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zyo

437 posts

Ultimate Geek


  # 1402126 8-Oct-2015 08:34
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rphenix:
zyo:
Haven't heard about PVC windows in New Zealand (when I was in Shanghai it's quite popular) and wouldn't be so sure whether that's a good idea given the harsh condition of NZ (especially UV)


Thats an old wives tale.  Quality UPVC has a metal frame with upvc wrapped around it, they use all sorts of additives in the UPVC including a titanium alloy the frames will not crumble due to our sun conditions etc.. I think a lot of the problem was some people early on were bringing in cheap crappy PVC frames and getting what they paid for.

I would suggest at least visiting homerit, warmwindows and looking at the upvc hardware the first thing you will notice is how much better the locking hardware is everything is hidden inside the frame itself it feels a quality product and it actually makes you notice faults in many of the traditional aluminum window frames most people usually purchase.



Color fading is also a serious concern because you can not paint PVCs easily, and NZ houses move quite a bit does PVC hold well under continuously movement? I think these are all legitimate concerns that can only be verified long term.

My current windows are all black aluminium, unless PVC is significantly cheaper I don't see any advantage of changing to that?

448 posts

Ultimate Geek


  # 1402489 8-Oct-2015 15:27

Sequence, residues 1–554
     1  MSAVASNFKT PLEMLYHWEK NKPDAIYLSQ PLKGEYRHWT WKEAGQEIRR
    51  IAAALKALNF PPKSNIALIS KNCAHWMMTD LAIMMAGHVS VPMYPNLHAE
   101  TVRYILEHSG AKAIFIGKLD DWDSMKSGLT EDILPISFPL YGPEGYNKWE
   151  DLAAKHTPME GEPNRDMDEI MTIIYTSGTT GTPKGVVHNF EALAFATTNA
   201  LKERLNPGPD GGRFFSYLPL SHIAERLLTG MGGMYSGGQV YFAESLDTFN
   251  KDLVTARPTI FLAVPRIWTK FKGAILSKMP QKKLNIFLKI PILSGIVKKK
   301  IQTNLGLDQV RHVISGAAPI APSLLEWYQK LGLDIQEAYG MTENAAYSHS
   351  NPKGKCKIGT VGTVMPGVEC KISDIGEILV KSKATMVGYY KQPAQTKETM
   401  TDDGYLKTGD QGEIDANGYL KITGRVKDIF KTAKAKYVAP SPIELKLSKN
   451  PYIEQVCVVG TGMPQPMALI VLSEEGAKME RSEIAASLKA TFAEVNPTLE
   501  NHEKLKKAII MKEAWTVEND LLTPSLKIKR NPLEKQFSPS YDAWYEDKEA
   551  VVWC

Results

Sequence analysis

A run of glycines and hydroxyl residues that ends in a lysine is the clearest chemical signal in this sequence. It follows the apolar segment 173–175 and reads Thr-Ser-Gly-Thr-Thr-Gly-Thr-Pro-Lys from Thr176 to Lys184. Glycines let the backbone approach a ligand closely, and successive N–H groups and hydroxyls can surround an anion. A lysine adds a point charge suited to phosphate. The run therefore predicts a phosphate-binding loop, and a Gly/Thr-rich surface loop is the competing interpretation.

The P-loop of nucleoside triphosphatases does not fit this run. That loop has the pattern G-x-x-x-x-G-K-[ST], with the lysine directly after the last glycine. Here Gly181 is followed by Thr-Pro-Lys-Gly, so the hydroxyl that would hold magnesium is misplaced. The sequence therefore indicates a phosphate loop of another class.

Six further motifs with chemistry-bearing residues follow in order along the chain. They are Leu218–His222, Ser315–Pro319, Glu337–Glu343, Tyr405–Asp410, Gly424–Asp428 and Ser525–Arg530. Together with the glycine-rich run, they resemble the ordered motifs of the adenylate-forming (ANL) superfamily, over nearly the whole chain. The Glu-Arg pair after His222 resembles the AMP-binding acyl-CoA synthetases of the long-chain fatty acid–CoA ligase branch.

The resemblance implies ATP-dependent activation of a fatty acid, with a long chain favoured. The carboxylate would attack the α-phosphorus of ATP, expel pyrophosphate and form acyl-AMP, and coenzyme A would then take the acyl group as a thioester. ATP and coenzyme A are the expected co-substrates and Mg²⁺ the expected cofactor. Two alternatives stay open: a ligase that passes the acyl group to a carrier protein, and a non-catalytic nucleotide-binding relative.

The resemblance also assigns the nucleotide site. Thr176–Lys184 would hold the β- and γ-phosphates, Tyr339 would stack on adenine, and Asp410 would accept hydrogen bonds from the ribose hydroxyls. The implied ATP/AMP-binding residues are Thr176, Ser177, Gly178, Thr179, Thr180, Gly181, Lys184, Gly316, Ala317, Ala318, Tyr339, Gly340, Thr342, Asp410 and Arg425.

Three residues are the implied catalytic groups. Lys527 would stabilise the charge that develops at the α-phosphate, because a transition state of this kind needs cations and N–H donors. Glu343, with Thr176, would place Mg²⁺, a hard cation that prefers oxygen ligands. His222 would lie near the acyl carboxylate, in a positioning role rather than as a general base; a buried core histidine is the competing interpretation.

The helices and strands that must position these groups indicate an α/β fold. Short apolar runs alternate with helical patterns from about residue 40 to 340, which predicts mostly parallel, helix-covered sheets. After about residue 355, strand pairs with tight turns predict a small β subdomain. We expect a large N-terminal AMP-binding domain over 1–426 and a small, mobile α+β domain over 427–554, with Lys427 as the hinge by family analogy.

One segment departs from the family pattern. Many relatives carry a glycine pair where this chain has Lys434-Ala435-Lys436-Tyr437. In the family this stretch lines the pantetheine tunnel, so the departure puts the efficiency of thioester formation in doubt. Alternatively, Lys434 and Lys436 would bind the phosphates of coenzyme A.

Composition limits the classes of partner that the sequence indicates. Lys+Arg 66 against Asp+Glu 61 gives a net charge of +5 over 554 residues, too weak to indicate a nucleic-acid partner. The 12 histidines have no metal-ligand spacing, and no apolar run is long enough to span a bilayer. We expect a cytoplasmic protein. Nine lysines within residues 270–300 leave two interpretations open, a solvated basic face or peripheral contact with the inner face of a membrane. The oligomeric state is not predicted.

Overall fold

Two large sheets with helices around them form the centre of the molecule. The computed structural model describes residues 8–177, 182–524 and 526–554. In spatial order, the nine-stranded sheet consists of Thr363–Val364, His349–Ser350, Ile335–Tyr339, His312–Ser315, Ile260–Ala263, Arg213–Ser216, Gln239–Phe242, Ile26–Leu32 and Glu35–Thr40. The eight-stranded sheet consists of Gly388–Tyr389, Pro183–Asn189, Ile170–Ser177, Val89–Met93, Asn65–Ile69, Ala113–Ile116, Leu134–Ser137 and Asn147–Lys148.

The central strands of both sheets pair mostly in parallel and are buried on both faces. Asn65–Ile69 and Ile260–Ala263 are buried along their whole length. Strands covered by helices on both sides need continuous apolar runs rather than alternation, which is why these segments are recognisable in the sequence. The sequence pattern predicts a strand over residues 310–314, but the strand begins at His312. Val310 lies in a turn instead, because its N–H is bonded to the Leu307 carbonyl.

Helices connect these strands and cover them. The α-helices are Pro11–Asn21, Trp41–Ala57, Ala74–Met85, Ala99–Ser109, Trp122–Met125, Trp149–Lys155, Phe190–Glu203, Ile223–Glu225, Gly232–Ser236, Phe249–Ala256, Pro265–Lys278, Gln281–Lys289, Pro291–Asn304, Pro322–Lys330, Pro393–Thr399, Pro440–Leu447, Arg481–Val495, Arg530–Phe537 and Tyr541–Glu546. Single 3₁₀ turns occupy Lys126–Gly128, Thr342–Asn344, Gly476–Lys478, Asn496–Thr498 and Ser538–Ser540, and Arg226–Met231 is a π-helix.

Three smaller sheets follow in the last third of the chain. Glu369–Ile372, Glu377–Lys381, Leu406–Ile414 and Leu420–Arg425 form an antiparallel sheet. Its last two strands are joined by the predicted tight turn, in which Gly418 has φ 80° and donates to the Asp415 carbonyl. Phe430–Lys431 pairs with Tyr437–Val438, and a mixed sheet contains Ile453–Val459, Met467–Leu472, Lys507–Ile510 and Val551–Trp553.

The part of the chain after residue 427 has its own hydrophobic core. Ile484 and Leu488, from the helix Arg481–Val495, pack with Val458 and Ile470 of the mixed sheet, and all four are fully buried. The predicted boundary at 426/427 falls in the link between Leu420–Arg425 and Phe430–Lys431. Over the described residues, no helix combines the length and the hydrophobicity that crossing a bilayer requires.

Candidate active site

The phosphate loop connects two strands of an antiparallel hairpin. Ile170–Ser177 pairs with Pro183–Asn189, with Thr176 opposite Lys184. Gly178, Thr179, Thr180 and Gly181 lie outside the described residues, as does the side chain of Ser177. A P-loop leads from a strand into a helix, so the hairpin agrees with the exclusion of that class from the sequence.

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Thanks in part to recommendations here we've just installed Thermalframe's uPVC windows in our 1980s house. We are Coastal D - or as I call it "the splash zone" - and exposed to the odd NWerly - which Wellington has sometimes. 

Thermalframe basically comes in 2 colours warm white and fake wood. A 1960s wooden joinery house down the road has it - and I went thru the house on an open to view - you couldn't tell it wasn't wood except it was too smooth to the touch. Visually it's identical to wood -ie wider profile  than Al. The ONLY issue with pvc is that it only comes in white. 

We're replacing bronze al so the replacement windows are obvious- but I don't really care - because they' ve transformed the rooms we've done so far. No drafts - note even in 110km'hr we had last night. Much less sound.  And  visitors think the windows are larger - they aren't the while the profile just makes them feel so.